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Eva Luna: 10/23/06

Eva Luna

I have to remember that as much as I like the concept of "magical realism" I, for the most part, don't like the genre. I can think of two books I have actually enjoyed: Macunaíma by Mário de Andrade and The Yellow Sofa by Eca De Queiros. Most of the time the genre leaves me cold, confused and somewhat bored. There are often too many tangents and too much extraneous detail: Eva Luna has these problems. I wanted to read Eva Luna after having enjoyed Daughter of Fortune back in 2003 and having had a moderate enjoyment of Zorro in 2005, although I had felt the author hadn't really understood the character. While there are some beautifully written passages in Eva Luna they didn't flow together to create a feeling of a coherent story or a plot that was actually going somewhere. Nor, though, did it feel like it was written strictly as a mood piece. Poor Eva seemed to be forced to tread water in the middle of all that flowing prose, bobbing her head up whenever the story required her to be present in a scene.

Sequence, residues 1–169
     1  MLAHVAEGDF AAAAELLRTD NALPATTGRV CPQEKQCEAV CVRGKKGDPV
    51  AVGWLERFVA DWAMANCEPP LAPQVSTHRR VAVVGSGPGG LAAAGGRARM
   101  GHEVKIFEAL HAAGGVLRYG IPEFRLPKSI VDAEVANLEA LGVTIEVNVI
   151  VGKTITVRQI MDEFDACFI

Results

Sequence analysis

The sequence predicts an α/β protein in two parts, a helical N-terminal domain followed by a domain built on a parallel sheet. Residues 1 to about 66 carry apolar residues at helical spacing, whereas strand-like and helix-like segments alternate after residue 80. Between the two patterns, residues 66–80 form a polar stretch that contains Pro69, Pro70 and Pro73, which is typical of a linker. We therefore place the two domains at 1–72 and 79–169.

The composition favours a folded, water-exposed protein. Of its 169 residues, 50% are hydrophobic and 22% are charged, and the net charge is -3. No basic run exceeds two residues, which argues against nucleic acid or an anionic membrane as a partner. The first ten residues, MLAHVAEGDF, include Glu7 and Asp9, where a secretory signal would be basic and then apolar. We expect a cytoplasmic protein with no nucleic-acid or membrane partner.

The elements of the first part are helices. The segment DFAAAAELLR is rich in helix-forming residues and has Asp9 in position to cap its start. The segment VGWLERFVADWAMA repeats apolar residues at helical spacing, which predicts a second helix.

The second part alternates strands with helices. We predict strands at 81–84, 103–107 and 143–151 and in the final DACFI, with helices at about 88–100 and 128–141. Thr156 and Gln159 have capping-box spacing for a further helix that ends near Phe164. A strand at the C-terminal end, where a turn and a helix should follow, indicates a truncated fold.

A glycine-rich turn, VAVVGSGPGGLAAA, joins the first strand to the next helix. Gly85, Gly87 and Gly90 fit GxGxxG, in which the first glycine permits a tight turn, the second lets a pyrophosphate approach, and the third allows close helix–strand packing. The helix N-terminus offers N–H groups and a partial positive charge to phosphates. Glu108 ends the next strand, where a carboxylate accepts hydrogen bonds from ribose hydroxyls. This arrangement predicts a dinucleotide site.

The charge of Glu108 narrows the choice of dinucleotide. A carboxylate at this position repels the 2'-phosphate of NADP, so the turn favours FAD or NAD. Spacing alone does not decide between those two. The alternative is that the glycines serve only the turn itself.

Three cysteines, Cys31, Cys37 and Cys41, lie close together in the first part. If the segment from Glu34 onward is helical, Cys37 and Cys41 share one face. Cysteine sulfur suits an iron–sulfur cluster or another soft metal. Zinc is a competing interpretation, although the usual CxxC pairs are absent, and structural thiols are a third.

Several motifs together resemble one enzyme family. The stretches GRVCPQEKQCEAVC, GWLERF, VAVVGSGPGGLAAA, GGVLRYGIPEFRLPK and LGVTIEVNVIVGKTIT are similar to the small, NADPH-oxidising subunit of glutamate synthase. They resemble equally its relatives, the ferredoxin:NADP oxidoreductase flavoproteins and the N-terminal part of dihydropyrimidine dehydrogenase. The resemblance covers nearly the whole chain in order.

Here's my BookCrossing review:

Eva Luna starts as a memoir of an illegitimate daughter of a maid and an indian. While Eva Luna continues to narrate the story of her life, she is but a passive witness to a disparate group of odd balls who end up becoming political revolutionaries. Their stories are so much more interesting than Luna's. Her constant rambling drags down the story and her role in all of this beyond reporter and maybe lover isn't clear.

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